In the case of Libya, which gave up its nuclear and WMD research efforts in the wake of the Iraq War in what the leadership at the time clearly believed would be a move that would help ensure their long-term survival. Instead of survival, though, Libya ended up finding itself the target of the United States, the United Kingdom, and France in a civil war that ended with the collapse of the Gaddafi regime and the death of Gaddafi himself. The North Koreans most likely learned a similar lesson from what happened to Saddam Hussein, another autocratic leader who gave up his weapons of mass destruction only to see his country invaded and him being forced into hiding and eventual capture, after which he faced a trial and ultimately execution.

On the other side of the table, the North Koreans are no doubt aware of the fate of other nations that have pursued nuclear weapons programs notwithstanding the objections of the international community. With Indian and Pakistan, for example, we have two nations that pursuant nuclear weapons development notwithstanding international pressure and which both now possess what is likely a sufficient nuclear deterrent to ensure their survival. Finally, of course, we have the Joint Comprehensive Plan Of Action (JCPOA) and the manner in which the Iranians were treated. Rather than being attacked like the Libyan and Iraqi governments, the Iranians obtained an international agreement that allowed them to largely escape a crippling sanctions regime and, to at least some degree of the Islamic Republic back into the world community from which North Korea has been excluded for the better part of the time it has existed. Notwithstanding the fact that the Trump Administration and much of the news media likes to paint the Kim regime, and Kim Jong-Un himself as unhinged, their actions to date indicate quite the opposite and that they are very much acting in quite a rational manner. Given that, the fact that the United States is looking to a model that led to the leader of an authoritarian regime being killed by a mob and his body dragged through the streets  is likely not going to go over very well in Pyongyang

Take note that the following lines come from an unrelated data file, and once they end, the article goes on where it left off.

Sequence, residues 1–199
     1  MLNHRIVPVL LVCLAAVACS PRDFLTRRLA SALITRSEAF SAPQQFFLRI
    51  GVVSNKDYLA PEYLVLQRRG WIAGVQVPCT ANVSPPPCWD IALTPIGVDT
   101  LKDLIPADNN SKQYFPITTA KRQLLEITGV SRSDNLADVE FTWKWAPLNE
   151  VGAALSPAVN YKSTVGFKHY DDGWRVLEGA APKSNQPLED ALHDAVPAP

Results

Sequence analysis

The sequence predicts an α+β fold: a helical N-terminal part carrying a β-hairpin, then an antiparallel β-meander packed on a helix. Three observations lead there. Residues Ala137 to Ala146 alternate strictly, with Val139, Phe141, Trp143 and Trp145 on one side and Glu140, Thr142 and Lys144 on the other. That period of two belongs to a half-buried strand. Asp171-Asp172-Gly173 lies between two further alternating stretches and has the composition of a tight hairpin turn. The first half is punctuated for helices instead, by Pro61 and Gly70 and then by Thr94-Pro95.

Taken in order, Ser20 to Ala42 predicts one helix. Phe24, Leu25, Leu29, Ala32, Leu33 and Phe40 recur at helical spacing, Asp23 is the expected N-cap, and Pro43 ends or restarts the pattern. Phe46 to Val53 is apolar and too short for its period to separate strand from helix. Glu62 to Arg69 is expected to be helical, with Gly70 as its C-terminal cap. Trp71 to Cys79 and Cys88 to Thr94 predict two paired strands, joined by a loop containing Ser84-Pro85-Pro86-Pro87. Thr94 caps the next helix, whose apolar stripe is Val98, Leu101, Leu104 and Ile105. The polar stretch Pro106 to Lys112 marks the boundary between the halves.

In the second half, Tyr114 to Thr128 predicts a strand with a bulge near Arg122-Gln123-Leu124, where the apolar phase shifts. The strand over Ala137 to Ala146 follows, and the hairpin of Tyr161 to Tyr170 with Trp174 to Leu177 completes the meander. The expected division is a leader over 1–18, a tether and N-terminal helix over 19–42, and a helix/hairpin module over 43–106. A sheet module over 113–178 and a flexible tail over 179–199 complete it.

That appears to be exactly what happened in the wake of Bolton’s remarks. As I’ve said in the past, demanding that the DPRK give up whatever nuclear weapons it already is likely to be a non-starter in any negotiations with the North for the reasons I’ve noted above. Furthermore, as Daniel Larison notes, this reaction to Bolton’s statement should have been entirely predictable: